Case of Ian

Ian started work with his professional services firm in the early 1990s back when few employers asked about criminal records. Over the years he developed his skills and was now responsible for managing the office and billing. Ian planned to work there until retirement.

In 2019, the firm introduced new HR systems and retrospectively carried out basic DBS checks on all staff. Ian had been sentenced to 7.5 years in prison in the 1980s for his involvement in an armed robbery. As the law stands, his conviction can never become spent. Ian explained this to his employer and hoped his 25 years of service and exemplary work record would stand him in good stead. Ian’s conviction does not legally prevent him from doing his work, and he is not a danger to staff or clients. There are no online news stories about it and it would be impossible for a client or other staff member to find the information.

Despite this, the firm decided that they had to let Ian go – they said they couldn’t risk anyone finding out an employee had an unspent conviction.

Ian said:

The people that made the decision to terminate my employment were people I’d known for 25 years; I didn’t just think of them as my employers but also as friends. I was obviously nervous about disclosing my conviction to them and I honestly thought that they’d use my 25 years of work experience to make a decision rather than something that happened 31 years ago when I was a very different person. I’m now claiming benefits while I look for a new job instead of paying tax on a good salary.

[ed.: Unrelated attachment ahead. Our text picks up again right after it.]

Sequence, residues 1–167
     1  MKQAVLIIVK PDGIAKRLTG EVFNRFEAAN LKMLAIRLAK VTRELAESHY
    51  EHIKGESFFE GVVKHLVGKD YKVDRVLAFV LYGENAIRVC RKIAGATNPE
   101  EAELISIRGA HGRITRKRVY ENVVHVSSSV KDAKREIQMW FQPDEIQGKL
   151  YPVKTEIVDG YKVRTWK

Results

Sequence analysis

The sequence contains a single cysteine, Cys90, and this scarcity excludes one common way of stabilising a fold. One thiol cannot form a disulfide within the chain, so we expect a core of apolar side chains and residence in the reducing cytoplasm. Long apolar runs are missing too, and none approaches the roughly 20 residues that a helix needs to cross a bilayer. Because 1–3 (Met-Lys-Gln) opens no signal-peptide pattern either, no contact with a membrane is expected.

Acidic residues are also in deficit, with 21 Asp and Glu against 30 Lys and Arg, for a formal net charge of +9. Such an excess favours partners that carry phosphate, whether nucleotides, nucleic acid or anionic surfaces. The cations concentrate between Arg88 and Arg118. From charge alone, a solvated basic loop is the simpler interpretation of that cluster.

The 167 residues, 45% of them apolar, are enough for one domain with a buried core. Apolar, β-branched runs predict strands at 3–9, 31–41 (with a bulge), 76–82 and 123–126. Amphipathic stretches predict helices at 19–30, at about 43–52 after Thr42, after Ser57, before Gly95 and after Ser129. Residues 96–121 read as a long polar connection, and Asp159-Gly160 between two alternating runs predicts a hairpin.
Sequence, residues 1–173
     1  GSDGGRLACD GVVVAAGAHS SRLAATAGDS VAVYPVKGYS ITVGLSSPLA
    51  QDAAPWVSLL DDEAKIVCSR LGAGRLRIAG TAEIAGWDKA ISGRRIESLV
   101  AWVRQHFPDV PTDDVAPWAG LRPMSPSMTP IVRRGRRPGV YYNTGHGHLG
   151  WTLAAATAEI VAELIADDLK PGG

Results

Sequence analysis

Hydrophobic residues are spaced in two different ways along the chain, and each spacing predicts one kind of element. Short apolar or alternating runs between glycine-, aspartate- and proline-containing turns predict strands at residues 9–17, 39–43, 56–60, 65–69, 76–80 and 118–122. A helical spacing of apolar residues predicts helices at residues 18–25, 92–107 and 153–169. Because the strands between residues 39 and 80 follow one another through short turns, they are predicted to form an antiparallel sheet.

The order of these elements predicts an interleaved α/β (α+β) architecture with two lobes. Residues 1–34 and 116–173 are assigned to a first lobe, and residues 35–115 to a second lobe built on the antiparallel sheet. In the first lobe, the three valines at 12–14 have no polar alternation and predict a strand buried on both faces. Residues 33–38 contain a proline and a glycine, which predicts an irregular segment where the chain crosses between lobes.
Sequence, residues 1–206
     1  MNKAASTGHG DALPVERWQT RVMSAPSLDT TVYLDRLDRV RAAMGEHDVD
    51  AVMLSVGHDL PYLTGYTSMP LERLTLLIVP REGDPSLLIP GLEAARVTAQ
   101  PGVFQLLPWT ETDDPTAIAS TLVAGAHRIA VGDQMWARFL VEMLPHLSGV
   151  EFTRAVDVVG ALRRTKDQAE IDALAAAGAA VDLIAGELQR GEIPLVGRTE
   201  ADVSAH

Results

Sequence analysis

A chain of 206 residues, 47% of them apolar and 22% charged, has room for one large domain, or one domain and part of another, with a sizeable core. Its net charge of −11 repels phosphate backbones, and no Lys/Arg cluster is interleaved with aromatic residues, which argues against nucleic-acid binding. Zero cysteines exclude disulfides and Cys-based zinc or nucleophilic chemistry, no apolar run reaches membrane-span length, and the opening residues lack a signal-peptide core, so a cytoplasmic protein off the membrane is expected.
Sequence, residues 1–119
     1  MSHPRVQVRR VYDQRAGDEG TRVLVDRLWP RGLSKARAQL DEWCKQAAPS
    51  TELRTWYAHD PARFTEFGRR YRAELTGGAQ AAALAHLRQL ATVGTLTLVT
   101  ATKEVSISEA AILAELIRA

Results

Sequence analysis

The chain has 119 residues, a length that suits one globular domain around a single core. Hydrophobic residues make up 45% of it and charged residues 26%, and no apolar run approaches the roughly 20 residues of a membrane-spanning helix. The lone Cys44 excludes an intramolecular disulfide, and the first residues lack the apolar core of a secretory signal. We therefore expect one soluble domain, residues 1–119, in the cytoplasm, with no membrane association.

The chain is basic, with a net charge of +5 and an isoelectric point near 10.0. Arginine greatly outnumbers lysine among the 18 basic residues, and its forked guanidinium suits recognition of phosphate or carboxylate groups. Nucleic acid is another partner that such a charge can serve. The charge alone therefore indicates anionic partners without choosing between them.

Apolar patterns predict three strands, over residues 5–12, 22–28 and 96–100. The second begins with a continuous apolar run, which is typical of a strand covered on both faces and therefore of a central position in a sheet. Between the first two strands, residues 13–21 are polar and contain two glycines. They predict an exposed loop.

Commenting on Ian’s experience, Christopher Stacey, co-director of Unlock, said:

This shocking decision shows just how difficult employers find dealing with criminal records information. Rather than carry out a risk assessment it’s often easier to simply reject or dismiss someone. Ian had done everything possible to show he was rehabilitated – but the law won’t let him move on. This needs to change and that’s why we continue to campaign for reform of the Rehabilitation of Offenders Act.

Lessons from this case

Unlock has long campaigned for fundamental changes to the Rehabilitation of Offenders Act 1974 (ROA), the legislation that governs the disclosure of criminal records to employers, educational institutions, insurers and housing providers. Changes implemented in 2014 (through the Legal Aid, Sentencing and Punishment of Offenders (LASPO) Act 2012) focused mainly on reducing rehabilitation periods.

Around 9000 people a year receive a sentence of more than four years. As the law stands, these can never become spent meaning people will have to declare them for the rest of their life – on job applications, for housing or insurance. An unspent conviction is a lifelong barrier to moving on.

We think this should change and that’s we we’re campaigning for ROA reform. As part of our campaign, we use case studies to show why reform is necessary to help law abiding people with convictions move on.

Notes about this case

  1. This case relates to Unlock’s policy work on ROA reform
  2. Names and details have been changed to protect the identity of those involved.
  3. Other policy cases are listed here.
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